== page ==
In the end we chose the United flight over Cathay Pacific for two reasons: Time and time. Both leave Mumbai stupid late at night but the United flight will allow us to get on board and then just sleep as much as we want. Eventually we’ll get to Newark and then deal with the short extra connection to Boston. On Cathay the first flight was a 5 hour redeye, followed by a twelve hour layover. While I love Hong Kong and running in to town to get some dim sum was mildly compelling the whole point of this is to get home so we chose the routing that came up 10 hours shorter overall and with better sleep timings. Even knowing that UA’s catering ex-BOM is not always very good.
We also had to purchase an extra flight from Udaipur to Mumbai to position for the reward trip. That was not horrible, coming in at roughly $150/person for decent timing. And that cost was somewhat offset by a partial refund on the Jaipur-Mumbai flight we were holding for travel just after New Years. Unlike in the US the “nonrefundable” tickets actually do give a portion of the fare as a proper refund, less the cancellation penalty.
On the lodging front we booked via AirBnB for both Jaipur and Mumbai. In both cases the refund policy gave us back the bulk of our payment as we hadn’t hit the cutoff deadline yet. We did lose out on one nonrefundable night in Abu Dhabi (Etihad Apartments was part of our initial return plan) but that was relatively cheap. And, somewhat ironically, that was booked after we got sick and I still thought we’d finish out the initial planned itinerary.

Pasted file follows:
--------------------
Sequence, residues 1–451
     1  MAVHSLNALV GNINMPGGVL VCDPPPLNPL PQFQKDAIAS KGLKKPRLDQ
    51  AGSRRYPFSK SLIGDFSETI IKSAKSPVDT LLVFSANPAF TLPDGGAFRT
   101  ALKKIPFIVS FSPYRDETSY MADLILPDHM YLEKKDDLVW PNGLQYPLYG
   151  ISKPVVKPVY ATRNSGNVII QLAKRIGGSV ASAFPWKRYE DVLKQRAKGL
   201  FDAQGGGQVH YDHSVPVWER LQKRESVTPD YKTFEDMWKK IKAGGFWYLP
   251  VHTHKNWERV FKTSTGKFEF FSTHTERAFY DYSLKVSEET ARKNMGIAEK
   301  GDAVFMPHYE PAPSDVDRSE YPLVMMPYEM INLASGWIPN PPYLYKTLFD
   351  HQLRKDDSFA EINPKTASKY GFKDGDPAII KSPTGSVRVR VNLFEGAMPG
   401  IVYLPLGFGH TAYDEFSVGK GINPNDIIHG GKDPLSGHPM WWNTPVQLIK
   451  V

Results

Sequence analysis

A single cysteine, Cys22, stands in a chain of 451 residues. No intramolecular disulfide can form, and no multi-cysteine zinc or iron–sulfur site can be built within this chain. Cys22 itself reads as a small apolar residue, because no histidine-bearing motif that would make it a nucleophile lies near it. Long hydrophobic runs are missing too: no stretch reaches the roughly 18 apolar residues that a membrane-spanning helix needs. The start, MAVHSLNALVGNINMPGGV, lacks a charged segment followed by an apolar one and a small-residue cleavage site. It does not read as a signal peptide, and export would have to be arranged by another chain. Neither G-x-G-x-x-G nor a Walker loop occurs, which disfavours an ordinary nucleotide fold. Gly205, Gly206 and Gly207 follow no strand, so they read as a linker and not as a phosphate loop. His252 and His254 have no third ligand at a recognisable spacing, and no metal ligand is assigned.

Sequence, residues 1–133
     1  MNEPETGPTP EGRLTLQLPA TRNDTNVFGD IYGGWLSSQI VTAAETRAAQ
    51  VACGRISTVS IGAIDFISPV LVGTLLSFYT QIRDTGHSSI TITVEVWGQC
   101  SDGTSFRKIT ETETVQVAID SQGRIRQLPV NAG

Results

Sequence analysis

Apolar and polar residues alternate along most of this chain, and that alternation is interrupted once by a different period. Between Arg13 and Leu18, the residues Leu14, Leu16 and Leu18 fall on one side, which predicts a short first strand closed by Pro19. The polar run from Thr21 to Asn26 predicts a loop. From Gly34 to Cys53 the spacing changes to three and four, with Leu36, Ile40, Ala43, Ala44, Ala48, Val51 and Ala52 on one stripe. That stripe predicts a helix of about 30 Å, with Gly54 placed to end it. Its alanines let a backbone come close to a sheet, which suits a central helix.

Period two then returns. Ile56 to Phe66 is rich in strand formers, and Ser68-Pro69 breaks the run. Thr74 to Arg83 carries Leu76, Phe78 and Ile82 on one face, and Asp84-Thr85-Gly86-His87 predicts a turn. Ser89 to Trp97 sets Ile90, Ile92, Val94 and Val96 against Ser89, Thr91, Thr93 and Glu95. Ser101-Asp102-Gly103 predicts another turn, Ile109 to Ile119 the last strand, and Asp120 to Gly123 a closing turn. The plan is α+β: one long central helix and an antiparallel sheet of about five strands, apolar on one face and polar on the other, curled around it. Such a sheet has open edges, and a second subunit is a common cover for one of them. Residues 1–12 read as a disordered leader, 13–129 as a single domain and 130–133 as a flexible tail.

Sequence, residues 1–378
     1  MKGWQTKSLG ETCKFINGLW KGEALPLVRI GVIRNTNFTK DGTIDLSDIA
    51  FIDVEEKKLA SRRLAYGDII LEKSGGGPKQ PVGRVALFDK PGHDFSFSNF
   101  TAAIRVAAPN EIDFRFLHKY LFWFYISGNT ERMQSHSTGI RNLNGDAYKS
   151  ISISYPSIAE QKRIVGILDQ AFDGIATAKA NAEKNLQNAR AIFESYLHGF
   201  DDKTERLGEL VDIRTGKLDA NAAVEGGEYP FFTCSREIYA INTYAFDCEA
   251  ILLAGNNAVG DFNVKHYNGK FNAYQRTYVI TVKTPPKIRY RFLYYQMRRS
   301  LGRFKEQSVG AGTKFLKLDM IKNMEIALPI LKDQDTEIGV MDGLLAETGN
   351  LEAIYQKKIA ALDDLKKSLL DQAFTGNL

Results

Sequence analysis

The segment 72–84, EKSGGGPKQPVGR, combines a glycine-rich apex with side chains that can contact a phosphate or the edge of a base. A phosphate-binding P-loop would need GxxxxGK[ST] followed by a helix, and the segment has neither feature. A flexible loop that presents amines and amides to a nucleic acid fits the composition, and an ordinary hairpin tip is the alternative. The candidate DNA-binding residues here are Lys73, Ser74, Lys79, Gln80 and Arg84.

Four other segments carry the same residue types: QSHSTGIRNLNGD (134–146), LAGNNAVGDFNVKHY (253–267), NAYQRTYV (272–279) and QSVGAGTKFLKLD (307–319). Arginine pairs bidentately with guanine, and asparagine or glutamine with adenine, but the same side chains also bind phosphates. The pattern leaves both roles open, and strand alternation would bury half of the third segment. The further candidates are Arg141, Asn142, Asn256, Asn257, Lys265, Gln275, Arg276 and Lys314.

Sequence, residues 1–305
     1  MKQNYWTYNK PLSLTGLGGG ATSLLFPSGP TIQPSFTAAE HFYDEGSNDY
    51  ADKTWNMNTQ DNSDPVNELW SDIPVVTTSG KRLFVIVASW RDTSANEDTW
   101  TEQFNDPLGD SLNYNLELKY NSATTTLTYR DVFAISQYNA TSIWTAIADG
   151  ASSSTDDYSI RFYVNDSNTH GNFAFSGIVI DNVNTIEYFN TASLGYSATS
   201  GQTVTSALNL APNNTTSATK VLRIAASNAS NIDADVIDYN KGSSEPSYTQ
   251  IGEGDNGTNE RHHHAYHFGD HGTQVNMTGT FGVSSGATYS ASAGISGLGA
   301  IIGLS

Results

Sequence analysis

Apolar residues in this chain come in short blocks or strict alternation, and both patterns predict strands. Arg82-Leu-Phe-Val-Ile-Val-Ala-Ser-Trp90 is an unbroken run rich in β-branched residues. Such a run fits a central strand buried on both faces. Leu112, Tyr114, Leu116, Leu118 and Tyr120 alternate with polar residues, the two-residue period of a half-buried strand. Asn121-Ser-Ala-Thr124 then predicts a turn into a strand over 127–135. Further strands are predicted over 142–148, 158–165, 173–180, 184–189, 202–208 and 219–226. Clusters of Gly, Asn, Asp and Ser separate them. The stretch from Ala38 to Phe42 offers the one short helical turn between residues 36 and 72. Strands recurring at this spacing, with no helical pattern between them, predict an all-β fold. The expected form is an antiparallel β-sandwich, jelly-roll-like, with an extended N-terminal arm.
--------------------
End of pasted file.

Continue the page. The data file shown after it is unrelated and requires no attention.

Train tickets were very cheap to begin with and refunded at roughly 65%. I am mildly amused that I started the planning for this trip with the idea of just riding trains across India with our next destination chosen by whim and what was nearby. Ultimately we completed zero of the train trips booked and only even started one of them.
I haven’t run the full math yet but I’m pretty sure that after exchanging for the cheaper award flights we come out net positive in cash outlay and definitely fewer points burned. I’d like to claim that was on purpose, but the reality is it mostly was a function of getting lucky. And being willing (or needing) to change last minute.
Tales from our South Asia Adventures
- Six new (to me) airlines booked; more to come!
- An Amazing South Asia Adventure: Introduction
- A love/hate relationship with Singapore
- A Kuala Lumpur visit that was not to be
- DLD 272: Customer service is hard
- Getting sick sucks
- Pulling the rip cord: We’re bailing early on India
- DLD 273: Outsourcing your holiday mess making
- Slowing down: The tourist bus from Kathmandu to Pokhara